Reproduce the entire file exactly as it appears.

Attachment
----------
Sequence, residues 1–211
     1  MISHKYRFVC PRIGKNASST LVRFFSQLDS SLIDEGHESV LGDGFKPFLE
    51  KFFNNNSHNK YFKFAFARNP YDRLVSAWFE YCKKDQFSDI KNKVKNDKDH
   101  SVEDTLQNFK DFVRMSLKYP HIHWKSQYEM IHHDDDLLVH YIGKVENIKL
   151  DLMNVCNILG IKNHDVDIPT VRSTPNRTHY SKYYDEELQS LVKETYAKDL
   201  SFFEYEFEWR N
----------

Sequence, residues 1–211
     1  MISHKYRFVC PRIGKNASST LVRFFSQLDS SLIDEGHESV LGDGFKPFLE
    51  KFFNNNSHNK YFKFAFARNP YDRLVSAWFE YCKKDQFSDI KNKVKNDKDH
   101  SVEDTLQNFK DFVRMSLKYP HIHWKSQYEM IHHDDDLLVH YIGKVENIKL
   151  DLMNVCNILG IKNHDVDIPT VRSTPNRTHY SKYYDEELQS LVKETYAKDL
   201  SFFEYEFEWR N